“It’s not a productive or appropriate way to resolve anything,” he said. “It just perpetuates the idea of needing revenge.”

At Guantanamo, Blake and four other victims’ relatives met privately with attorneys for the accused men. It was an opportunity for victims’ families to ask questions about how the trial would proceed.

Within days of the meeting, which federal prosecutors arranged, Blake became tabloid fodder. “Husband of 9/11 victim goes to Gitmo to spare plotters from death sentence,” screamed a New York Post headline.

The story was “completely distorted,” Blake said, adding that he wasn’t the only family member of a 9/11 victim to oppose the death penalty for the accused terrorist leaders.

“It’s not that we don’t want these people brought to justice,” he told me. Forcing them to spend the rest of their lives in isolation at the federal super-maximum security prison in Colorado is sufficient, he said.

Nine years after their arraignment, it’s still unknown when the trial for the five men will begin. The trial, which is expected to last nine months or more, was scheduled to begin last January, but plans changed when the COVID-19 pandemic hit.

The trial could have been over years ago “if the government hadn’t insisted on seeking the death penalty,” Blake said. “It would have spared families the ongoing grief and the stirring up of painful memories.”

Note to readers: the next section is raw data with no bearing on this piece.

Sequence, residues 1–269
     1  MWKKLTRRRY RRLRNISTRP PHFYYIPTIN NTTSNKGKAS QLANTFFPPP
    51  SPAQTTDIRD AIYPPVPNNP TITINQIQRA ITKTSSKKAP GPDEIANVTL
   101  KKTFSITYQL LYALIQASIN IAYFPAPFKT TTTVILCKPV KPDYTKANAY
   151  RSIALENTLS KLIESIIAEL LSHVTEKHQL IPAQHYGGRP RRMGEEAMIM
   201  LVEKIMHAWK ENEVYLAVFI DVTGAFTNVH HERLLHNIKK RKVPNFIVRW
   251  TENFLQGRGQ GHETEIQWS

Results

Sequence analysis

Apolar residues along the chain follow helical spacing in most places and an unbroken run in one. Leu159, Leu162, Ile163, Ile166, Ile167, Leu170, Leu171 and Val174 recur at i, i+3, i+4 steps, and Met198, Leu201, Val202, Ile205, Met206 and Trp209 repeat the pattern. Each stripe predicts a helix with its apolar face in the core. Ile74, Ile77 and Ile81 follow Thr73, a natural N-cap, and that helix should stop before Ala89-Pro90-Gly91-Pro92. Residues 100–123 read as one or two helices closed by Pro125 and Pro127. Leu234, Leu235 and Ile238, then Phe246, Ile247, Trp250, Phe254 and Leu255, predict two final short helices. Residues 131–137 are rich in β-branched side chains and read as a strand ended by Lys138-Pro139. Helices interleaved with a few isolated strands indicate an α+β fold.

Although families of 9/11 victims have received a “tremendous outpouring of support,” he said, it’s been a “double-edged sword.”

“The average person who loses a loved one to murder doesn’t see the same level of support,” he said. “On the other hand, we’re part of an ongoing drama and pageant.

“I am now part of an event that will put me on a stage I didn’t want to be on for the rest of my life.”

When I called Blake, now 71, a couple of weeks ago to ask if we could meet, I didn’t know what he’d say. I wondered if talking about Anna’s death and the aftermath of 9/11 would be too painful.

A few days later we met up in Norwich, where we talked for more than an hour.

“I want to honor Anna’s memory by telling her story,” he told me. “I want to make sure people know what a wonderful person she was.”

Jim Kenyon can be reached at